Charts of 80 meter and 40 meter WSPR Near Vertical Incidence Skywave (NVIS) spots SNR vs. distance
Clusters of spots in red were received during daylight hours. Those in blue during hours of darkness.
The antenna used was a thin wire 40 meter full wave horizontal loop at 6 meters above ground.

An RF-powered quadcopter supported antenna and findings of the VHF/UHF WSPR group will also be presented at the "Introduction to WSPR" session at 10:45 am on 11 October at the ARRL Pacificon Convention at the Marriott Santa Clara in Santa Clara, California.

I checked into the Northern California 432 SSB Net on 432.100 MHz at 1900 PST on Sunday night and also listened carefully as 1 kW net control station KG6HXI in Wilton CA swung her large Yagi antenna calling for check ins around the compass points. I heard some weak SSB signals at or below the noise level from the north and south SF bay area. This suggests that 432 MHz WSPR contacts are possible from Sacramento to those areas.

Here is an updated map of 144 MHz WSPR Study Stations and propagation paths.

Download the KML file from the page and open it in Google Earth
To view an elevation profile, right click on the propagation path and select "Show Elevation Profile"

Carol, KP4MD

Here is the current list for GPS reference locked 144 MHz WSPR stations on the Pacific coast of North America
144.490460 KC6KGE DM05gd - Taft, CA
144.490470 KI6STW CM97bk - Milpitas, CA
144.490480 WA6M CM88in - Timber Cove, CA
144.490490 K6PZB CM88nk - Graton, CA
144.490500 N6GN CM88ok - Santa Rosa, CA
144.490510 KP4MD CM98iq - Citrus Heights, CA
144.490520 WW6D CM88pl - Santa Rosa, CA

Detailed listing at

This modification to GM4ISM's Excel Spreadsheet polls real time WSPRnet data and estimates the signal path quality for various communication modes: WSPR, JT65, Olivia, PSK31, CW, RTTY and SSB. These charts show expected signal dB over threshold on these modes with user-defined transmitter powers and relative antenna gains. The values below threshold are in red, above 6 dB in green and intermediate in yellow.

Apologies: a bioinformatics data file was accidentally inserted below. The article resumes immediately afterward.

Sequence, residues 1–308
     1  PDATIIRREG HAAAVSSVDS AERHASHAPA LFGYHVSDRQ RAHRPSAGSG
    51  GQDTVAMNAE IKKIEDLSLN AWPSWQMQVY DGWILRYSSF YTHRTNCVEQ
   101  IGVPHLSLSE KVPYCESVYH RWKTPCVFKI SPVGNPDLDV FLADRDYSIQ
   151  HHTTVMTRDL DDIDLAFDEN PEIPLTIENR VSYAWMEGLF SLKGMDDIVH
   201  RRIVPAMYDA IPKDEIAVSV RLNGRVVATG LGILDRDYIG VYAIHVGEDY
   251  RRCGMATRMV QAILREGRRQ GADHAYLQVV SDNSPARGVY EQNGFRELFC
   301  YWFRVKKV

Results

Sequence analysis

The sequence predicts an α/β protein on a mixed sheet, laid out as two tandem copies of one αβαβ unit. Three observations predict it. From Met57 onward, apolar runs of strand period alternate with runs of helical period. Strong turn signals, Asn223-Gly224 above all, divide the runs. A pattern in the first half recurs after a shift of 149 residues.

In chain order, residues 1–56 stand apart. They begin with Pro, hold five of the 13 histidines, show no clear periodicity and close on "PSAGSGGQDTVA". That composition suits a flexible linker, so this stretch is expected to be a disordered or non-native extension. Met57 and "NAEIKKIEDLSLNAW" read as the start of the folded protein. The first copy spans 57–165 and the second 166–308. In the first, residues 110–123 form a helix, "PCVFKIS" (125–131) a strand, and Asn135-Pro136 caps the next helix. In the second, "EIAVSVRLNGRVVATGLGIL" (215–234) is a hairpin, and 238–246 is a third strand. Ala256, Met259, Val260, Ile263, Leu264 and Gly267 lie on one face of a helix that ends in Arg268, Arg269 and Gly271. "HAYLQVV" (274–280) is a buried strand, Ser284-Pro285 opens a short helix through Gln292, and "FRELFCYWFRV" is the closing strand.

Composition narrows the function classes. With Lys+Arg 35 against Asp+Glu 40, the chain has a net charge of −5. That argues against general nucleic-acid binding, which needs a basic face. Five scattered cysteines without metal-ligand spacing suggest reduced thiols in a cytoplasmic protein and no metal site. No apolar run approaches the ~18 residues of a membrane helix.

Here are a few points to consider in resolving the issue of ARISS voice operations in the 2 meter WSPR frequency segment outside of IARU Region 1:

  1. WSPR activity has occurred on 2 meters since the inception of WSPR and will continue into the future. Joe Taylor K1JT mentions 2 meter WSPR activity in the Pacific Northwest as early as April 2008 when the WSPR program was first released.
  2. The G4ILO WSPR page documents 144.490 MHz as the preferred 2 meter WSPR frequency in 2008.
  3. In the IARU Region 1 band plan, 94 nations (a majority of IARU member societies) have concurred on 144.4905 MHz (144.489 MHz dial) as the designated world-wide WSPR frequency on 2 meters. 2 meter frequency allocations in Region 1 are much more constrained than elsewhere as their band encompasses only 144-146 MHz. Therefore Regions 2 and 3 should follow the lead of Region 1 rather than expect Region 1 to change its established band plan.
  4. Although IARU Region 2 (the Americas) currently lacks a VHF band plan, this is an agenda item for the IARU Region 2 General Assembly scheduled for September 2013. A good case may be made for 2 meter WSPR activity in Region 2 to continue in the current WSPR frequency segment of 144.4905 MHz.
  5. Since June of this year, WSPRnet statistics would indicate that 2 meter WSPR network activity has grown to account for probably over 99% of the current regular worldwide activity on 144.4905 MHz.